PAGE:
A major pattern change toward wetter weather is on the horizon.
After a relatively dry February, the first weekend of March is projected to get off to a wet start with possibly 1 to 3 inches of rain in the valley and heavy snow in the Sierras.
A series of weather systems are expected to arrive this weekend, possibly as early as this afternoon. Another storm on Saturday should bring heavier rain and gusty winds, according to the National Weather Service.
Snow levels will lower Saturday with moderate snowfall expected in the Sierra overnight. Rain and snow showers should extend into Sunday, with a threat of thunderstorms over the central valley.
The National Weather Service also suggests periodic storms are likely to continue through at least mid-March.
“The valley will see between 1-2 inches in the southern Sacramento Valley to 3-4 inches on the northern end of the valley from tonight through Monday morning,” said Michelle Mead, a Warning Coordination Meteorologist for the National Weather Service in Sacramento. “A majority of the rain will fall Saturday afternoon/night as a strong storm system moves through.”
Impacts of this storm, according to the National Weather Service, include:
- Urban and small stream flooding possible
- Downed trees and power outages possible
- Potential for debris flows near recently burned areas this weekend
- Potential for rock slides along mountain roads
- Chain controls and hazardous travel likely over the mountains
- Small hail and dangerous lightning with thunderstorms
Prepare for this weekend’s storms with helpful tips from Be Storm Ready.
“This is the strongest system we’ve seen since the end of January,” Mead said.
Light rain is expected today in Southern California, with a more significant amount beginning Saturday. Rain could also impact the Monday morning commute.
Snow levels may lower to around 4000 feet by Monday afternoon, likely resulting in snow on the I-5 near Grapevine.
The statewide snowpack, a source of much of the state’s water supply, is only 83 percent of the March 1 average, the Department of Water Resources (DWR) reported. DWR conducted a snowpack survey at Philips Station off Highway 50 in the Sierras about 90 miles east of Sacramento.
Snowpack conditions can be viewed here.
“This storm will help make up some of what was lost during the dry February, but we still have a long way to go,” said Mead. “Conservation is still the message to convey.”
DWR finalized a Drought Contingency Plan on Jan. 19 outlining the State Water Project and Central Valley Project operations for February-November 2016. The plan was developed in coordination with staff from state and federal agencies, including the U.S. Fish and Wildlife Service, National Marine Fisheries Service, California Department of Fish and Wildlife, and the State Water Resources Control Board (SWB). It focuses on water project operations as related to SWB Water Rights Decision-1641 and the potential modification requests needed to balance the competing needs and benefits of limited water supplies in the context of consecutive dry years.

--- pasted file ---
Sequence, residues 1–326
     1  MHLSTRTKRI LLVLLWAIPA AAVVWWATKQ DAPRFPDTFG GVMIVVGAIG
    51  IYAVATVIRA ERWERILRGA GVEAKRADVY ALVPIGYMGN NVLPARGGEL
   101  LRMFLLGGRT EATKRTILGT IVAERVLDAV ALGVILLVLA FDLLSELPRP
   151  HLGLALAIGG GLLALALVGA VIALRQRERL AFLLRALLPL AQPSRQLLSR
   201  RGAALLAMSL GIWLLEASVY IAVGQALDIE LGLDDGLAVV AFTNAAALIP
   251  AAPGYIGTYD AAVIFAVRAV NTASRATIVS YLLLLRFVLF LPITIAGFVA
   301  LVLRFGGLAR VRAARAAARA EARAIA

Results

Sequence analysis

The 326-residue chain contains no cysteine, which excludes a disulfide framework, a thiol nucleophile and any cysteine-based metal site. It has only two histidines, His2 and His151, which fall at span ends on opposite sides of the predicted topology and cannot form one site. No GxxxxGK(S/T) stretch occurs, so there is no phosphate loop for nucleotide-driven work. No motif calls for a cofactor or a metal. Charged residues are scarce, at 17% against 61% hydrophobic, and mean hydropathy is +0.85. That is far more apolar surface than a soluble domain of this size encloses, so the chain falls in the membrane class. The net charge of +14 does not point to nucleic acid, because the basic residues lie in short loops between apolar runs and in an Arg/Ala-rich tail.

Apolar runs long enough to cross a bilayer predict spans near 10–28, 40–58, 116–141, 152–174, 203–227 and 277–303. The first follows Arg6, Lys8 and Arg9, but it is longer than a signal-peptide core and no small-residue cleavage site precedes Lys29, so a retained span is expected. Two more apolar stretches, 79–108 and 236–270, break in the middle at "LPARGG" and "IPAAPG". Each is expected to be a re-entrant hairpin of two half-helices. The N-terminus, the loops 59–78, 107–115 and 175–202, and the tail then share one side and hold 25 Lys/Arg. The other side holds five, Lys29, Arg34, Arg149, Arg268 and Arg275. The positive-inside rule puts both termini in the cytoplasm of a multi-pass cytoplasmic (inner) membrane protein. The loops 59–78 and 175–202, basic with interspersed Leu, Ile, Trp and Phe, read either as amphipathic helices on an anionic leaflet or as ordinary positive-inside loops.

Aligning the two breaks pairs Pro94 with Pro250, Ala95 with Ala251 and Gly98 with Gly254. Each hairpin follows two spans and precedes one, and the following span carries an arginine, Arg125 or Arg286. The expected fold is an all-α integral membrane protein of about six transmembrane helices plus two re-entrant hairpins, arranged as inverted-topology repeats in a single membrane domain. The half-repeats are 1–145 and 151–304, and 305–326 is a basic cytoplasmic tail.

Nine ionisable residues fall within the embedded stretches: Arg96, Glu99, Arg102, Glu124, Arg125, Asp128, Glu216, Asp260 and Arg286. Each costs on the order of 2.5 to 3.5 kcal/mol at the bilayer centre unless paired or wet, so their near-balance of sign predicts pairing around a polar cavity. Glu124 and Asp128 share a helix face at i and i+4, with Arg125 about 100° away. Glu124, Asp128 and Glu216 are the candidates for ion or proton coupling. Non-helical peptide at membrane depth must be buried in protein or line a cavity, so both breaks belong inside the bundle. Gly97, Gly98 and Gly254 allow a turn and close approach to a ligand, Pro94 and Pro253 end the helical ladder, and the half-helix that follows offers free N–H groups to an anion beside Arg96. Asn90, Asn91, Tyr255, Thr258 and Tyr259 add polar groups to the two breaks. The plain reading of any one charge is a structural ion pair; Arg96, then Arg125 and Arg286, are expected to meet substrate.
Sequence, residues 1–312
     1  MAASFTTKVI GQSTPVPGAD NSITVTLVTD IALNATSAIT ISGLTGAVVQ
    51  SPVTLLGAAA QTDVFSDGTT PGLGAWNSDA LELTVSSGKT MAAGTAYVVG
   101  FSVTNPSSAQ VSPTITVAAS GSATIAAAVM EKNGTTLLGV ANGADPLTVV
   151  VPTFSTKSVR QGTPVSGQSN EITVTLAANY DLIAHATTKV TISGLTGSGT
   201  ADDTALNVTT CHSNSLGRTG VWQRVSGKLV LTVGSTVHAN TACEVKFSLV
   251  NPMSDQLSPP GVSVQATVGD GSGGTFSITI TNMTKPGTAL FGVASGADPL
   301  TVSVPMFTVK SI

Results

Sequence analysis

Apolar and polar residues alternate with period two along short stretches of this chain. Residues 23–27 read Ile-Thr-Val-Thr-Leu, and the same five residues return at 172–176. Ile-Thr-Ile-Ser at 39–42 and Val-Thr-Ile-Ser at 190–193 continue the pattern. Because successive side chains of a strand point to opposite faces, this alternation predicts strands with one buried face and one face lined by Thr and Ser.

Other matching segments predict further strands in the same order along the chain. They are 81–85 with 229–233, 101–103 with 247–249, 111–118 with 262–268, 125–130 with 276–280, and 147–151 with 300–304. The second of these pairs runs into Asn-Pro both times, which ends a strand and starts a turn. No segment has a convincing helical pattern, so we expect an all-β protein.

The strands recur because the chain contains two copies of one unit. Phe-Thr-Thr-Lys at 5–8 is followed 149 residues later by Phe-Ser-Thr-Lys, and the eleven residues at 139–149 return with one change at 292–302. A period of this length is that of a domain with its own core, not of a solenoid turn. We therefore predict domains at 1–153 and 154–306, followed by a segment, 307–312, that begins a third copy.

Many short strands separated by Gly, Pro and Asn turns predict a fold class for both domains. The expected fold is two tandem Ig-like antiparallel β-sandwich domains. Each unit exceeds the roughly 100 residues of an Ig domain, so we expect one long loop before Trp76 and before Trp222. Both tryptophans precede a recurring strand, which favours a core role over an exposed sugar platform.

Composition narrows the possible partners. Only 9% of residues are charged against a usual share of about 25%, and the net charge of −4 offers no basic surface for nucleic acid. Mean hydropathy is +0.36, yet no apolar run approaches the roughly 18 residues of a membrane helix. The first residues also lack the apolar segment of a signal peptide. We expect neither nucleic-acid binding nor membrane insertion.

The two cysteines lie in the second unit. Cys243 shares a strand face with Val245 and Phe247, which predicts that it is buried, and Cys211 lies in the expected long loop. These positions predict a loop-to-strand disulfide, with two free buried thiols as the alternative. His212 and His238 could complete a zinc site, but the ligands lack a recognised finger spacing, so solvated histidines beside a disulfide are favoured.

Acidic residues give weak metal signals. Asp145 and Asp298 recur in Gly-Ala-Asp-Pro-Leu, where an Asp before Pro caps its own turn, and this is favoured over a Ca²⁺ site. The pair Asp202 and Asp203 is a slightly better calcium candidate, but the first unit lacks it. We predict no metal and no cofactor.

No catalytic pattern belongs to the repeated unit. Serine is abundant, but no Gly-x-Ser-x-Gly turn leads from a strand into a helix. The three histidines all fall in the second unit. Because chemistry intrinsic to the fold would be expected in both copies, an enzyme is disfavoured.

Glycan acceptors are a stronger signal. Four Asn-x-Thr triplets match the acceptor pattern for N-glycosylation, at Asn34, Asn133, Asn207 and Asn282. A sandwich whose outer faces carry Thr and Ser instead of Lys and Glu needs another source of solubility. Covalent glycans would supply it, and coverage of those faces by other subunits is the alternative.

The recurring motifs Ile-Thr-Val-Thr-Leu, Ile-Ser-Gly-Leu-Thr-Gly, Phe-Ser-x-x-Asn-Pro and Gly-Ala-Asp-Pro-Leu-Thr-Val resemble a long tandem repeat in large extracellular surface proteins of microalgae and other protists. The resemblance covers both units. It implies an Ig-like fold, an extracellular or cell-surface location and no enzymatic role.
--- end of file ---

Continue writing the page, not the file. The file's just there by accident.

California is still in the midst of a historic drought of four-plus years.
The most significant statewide droughts occurred during 1928-34, 1976-77, 1987-92 and 2007-09. The last significant regional drought occurred in parts of Southern California in 1999-2002.
The Drought Contingency Plan can be read here.
“The good news is some of the readings are the best for early March since 2011 but that is not necessarily indicative of the entire mountain snowpack,” said Lauren Bisnett, an Information Officer in the DWR Sustainable Groundwater Management Program. “The statewide readings suggest this may not be a drought-busting year unless California receives heavy rain this month as it did during the ‘March Miracles’ of 1991 and 1995.”
At least one of these three things, according to Bisnett, still needs to happen in order for the drought to be at an end:
- Statewide reservoir storage would need to be at 90 percent of average levels
- Runoff forecasts for the state’s water year, which runs October to September, would need to be 110 percent of average
- Reservoirs on the four major rivers in the Sacramento River basin would have to reach flood control stage
Most of the state’s major reservoirs still hold much less than their historical averages for early February. On average, 75 percent of California’s annual precipitation occurs from November through March, with 50 percent occurring from December through February.
“We’re in a position better than last year, but still way below what would be considered adequate for any reasonable level of recovery at this point,” said Bisnett, adding. “The greater the snowpack content, the greater the likelihood California’s reservoirs will receive ample runoff as the snowpack melts to meets the state’s water demand in the summer and fall. We’re hopeful as it will likely bring heavy precipitation and heavy mountain snow, but as you know, things are subject to change with Mother Nature.”